The prisoner began to spin slowly in a small circle, with each rotation becoming faster and faster. This speed became so intense that, from every angle, he appeared motionless, while surrounded in a blue-green aura.

Alexander commands his archers let fly a rain of arrows, but their arrows turned to plumes of dust before reaching their target. His swordsmen then advanced, but were frozen in fear and fell to their knees. Everyone stood back when Alexander ordered his cheetahs to be released, however, all six cheetahs disappoint as they end up sitting and purring at the prisoner’s feet.

Complete silence followed.

The prisoner, waving his arm and pointing in the direction of the entrance to the great hall said, “We must go. The sea awaits!”

The cheetahs opened up a respectful path, then accompanied him, as he strode away and made for the waters of the Mediterranean.

All that evening, thunder rolled over the grey reaches of the sea, while a fleet of thirty vessels left Greece and sailed towards the Pillars of Hercules, making for the great Atlantic. Their passage through the Mediterranean was calm and steady. Once inside the boundaries of the Atlantic however, storms raged as they ran north towards the cold and misty isle of Britannia. Straight towards the edge of the known universe, they headed, and it lay just beyond the horizon. Each night, two ships were ordered to turn back for Greece.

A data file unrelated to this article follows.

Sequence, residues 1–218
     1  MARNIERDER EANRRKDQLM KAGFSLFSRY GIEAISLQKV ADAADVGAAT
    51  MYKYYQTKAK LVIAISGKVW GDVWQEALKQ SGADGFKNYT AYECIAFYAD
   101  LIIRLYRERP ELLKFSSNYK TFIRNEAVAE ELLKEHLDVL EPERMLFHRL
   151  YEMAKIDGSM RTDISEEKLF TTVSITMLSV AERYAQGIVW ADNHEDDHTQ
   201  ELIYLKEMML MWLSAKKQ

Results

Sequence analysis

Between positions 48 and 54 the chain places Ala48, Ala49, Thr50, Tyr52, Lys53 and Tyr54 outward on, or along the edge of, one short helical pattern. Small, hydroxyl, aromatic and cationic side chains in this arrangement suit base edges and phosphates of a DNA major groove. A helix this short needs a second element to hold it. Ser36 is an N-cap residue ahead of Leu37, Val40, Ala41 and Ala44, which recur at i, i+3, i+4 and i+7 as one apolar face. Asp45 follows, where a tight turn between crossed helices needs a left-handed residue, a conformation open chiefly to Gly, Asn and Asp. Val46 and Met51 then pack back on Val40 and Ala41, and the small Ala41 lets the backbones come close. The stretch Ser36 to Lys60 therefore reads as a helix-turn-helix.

The ship’s timbers creaked with each crest of a wave, as oarsman continue their hypnotic stoke heading towards their destiny.

Below deck, in a cage bound in chains, the young man with long blonde hair lay resting, his mood calm. The vessel’s commander feared him and stood well clear, any time he visited, never letting this prisoner look in his direction. One night, eight days out from Greece, the commander crept below deck and peered into the cage.

The young man, with his back turned, said, “What do you seek, Captain, life or eternal death? I hold the keys to the everlasting, as I am he, who sounds the horn. I can help you overcome your demons?”